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October 19, 2005
If you can get your hands on a Brooklyn Oktoberfest, I strongly suggest that you pick it up and drink it up. Bars around here unfortunately seem to be running out of it all the time, however. This is because it is so good; indeed, it's easily the best Brooklyn brew I've ever had. Indeed!
The Squid and the Whale. It's quietly great.
Metal shower curtain rod hangers. I just invested in a set of these and my classiness level has flown off the charts.
Go to a corn maze before it's too late!
October 11, 2005
own make meals, and more
The first dish I learned to cook was spaghetti. I don't know how old I was when my mom (or dad -- this is something he can make, too) taught me how to do it, but up until some time in high school, spaghetti, toast, Ellio's Pizza and sandwiches were the extent of my culinary repertoire. I remember that during those long, excrutiating summers before I had a job, I would daydream about the sandwiches I'd make for lunch later that day.
Okay, two tangential thoughts just occurred to me now, and I see no reason why to keep writing in a format that doesn't accommodate them:
- My dad pretty much never has had to cook. He makes fruit salad when my parents have brunch, and he buys bagels on the weekend, and he cleans the bathroom and buys groceries and sweeps the porch (he loves sweeping the porch when my parents have company so that my mom doesn't yell at him for not being a better helper), and he does his share of general errands in the household, so that's great. But man, it must be nice never to have to make dinner. I barely ever make it, but still.
- I would seriously love to have a jobless summer. I can clearly remember how bored I would get, how I'd watch a certain program mentioned in the previous entry twice on A&E every day, and then later would watch Moonlighting and thirtysomething, both of which later prepared me for writing insightful analytical essays on 1980's television, which, come on, is a crazy, pointless subject to have studied, when you think about it, but then, maybe not, because it can be expanded to examine larger issues in contemporary art, but again, still.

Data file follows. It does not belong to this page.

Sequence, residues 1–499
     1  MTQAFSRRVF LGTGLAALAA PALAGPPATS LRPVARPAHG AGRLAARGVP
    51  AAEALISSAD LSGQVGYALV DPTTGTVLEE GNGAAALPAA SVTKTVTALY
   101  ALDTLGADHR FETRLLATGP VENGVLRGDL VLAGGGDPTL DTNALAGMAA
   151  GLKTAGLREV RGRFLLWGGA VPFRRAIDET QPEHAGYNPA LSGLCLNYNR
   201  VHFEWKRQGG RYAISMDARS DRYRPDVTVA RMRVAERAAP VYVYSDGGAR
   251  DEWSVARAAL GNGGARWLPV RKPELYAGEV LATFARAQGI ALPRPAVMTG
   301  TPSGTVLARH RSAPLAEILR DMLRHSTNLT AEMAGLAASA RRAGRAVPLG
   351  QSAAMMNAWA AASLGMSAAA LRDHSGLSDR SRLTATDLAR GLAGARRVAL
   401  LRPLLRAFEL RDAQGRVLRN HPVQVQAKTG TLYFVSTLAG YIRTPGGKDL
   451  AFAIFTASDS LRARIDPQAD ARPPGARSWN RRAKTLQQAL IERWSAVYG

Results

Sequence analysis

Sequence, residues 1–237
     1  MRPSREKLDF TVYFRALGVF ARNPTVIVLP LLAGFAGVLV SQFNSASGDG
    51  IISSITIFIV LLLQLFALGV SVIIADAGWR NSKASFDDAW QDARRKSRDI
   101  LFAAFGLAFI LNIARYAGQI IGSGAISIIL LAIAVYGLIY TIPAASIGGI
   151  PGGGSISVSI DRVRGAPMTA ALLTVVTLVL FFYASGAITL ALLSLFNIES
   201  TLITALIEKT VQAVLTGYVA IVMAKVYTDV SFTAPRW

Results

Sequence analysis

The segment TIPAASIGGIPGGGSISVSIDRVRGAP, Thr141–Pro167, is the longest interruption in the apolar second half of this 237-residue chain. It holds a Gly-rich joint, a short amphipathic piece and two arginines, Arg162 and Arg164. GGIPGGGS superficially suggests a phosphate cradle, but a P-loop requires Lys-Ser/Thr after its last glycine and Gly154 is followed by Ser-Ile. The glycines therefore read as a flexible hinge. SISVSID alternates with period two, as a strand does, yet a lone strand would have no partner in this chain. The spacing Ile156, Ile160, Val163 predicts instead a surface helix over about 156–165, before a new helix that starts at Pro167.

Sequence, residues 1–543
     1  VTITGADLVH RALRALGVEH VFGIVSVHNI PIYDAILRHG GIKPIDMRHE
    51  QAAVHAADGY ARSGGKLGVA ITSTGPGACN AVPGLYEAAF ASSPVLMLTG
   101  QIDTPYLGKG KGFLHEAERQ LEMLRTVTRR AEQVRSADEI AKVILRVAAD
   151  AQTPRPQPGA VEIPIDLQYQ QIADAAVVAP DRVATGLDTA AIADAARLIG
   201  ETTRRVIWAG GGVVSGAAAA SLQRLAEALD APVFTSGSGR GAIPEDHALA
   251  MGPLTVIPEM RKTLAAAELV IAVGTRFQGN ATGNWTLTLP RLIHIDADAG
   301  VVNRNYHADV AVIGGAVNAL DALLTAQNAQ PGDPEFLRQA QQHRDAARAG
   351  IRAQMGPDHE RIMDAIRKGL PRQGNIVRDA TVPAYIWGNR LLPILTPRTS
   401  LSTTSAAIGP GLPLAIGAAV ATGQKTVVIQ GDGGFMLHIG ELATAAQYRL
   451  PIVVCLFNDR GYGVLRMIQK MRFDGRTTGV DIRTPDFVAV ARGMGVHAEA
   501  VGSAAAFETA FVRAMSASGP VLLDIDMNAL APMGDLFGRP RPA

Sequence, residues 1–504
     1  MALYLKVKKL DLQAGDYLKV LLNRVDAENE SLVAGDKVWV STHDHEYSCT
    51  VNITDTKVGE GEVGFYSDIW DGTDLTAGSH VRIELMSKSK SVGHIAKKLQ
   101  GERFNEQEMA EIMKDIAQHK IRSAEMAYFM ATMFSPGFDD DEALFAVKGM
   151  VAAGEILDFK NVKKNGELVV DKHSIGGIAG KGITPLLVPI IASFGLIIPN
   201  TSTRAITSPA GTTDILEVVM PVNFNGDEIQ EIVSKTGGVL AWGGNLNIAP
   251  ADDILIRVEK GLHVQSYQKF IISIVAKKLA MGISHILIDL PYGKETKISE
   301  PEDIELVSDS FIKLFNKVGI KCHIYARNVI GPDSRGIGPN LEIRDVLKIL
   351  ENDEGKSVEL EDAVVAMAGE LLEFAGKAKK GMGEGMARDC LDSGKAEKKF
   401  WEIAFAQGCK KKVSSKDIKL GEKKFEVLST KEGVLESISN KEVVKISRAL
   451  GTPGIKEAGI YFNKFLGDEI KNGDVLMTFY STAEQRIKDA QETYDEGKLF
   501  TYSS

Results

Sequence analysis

Anyway, boring summers! Man! Why didn't I write a book THEN? I actually started one, and I remember my brother found it on my computer and read it and asked me to keep writing it because he liked it a lot, but I didn't, and now I really wish that I could read it, because I remember feeling like it was pretty good. It was going to be about a fourteen-year-girl in the summer. It's on a five-inch floppy disk that fits into an Apple IIGS... and I don't know where the disk is.
The second thing I learned how to make was "breaded chicken." This is a key ingredient to my dad's favorite meal of breaded chicken, white rice, and broccoli, and my family ate this a lot. I'm not really a fan of this meal, even though it's not bad.
The third thing was lasagna. And for a long time, this was all I knew.
It wasn't until recently that I started experimenting with making my own dinners on a semi-regular basis. I will probably prefer eating dinner in restaurants for as long as I work from home and/or live in New York, I think, but it's financially more sensible, at least in theory, to make one's own meals. (The problem is when your boyfriend eats what you'd expected to become leftovers.)
So anyway, the food I make actually tastes good! It surprised and pleased me to discover how well recipes work and how easy it is to make most things, as long as I have some time. There's a whole new world of food, inside my very own home. If I ever DO have a summer off, I'll start a recipe blog.
October 06, 2005
I've been twenty-seven since Monday. Twenty-seven sounds a lot older than twenty-six, but it also sounds better.
Recently, I've gotten into a couple of different discussions about what my adolescent self would think of my present-day self. Honestly, I'm not sure. If my teenaged self got to preview my current self, she/I would probably be kind of freaked out by the very fact of what was happening and might not be able to evaluate it clearly. I think she'd be disappointed about some things (what? I'm not famous? I haven't written a book yet?) and happy about others (ooh, cute boyfriend! and I have boobs, phew!). Or maybe I would have seen something else in myself, the thread that ties me to all of my past selves, the thing that lets me remember what it feels like to be five years old even when it also feels like more than a lifetime away, and I wouldn't have been surprised or disappointed about anything.
I wonder what I would see if I got to preview myself at forty. I may not even be alive; that's usually the first thought that comes to mind when I think about the distant future, though it's sort of self-protective, as if acknowledging that I might die will somehow prevent it from happening, because those sorts of tragedies are more likely to get you when you're not on the lookout for them, according to televesion.
Relatedly, I now own the first season of Columbo on DVD courtesy my dad, so in the face of my impending death, I have at least the pleasure of having seen all of those episodes. Andy, a Columbo novice, says he can see "how old people would like the format" of each episode, because there's no real mystery and the audience is just watching someone do his job. This wasn't a dig on my age, I don't think. I mean, I've always liked Columbo.
Anyway, Andy also says that twenty-seven is the age that all the hot famous people seem to be, so maybe I have something to look forward to.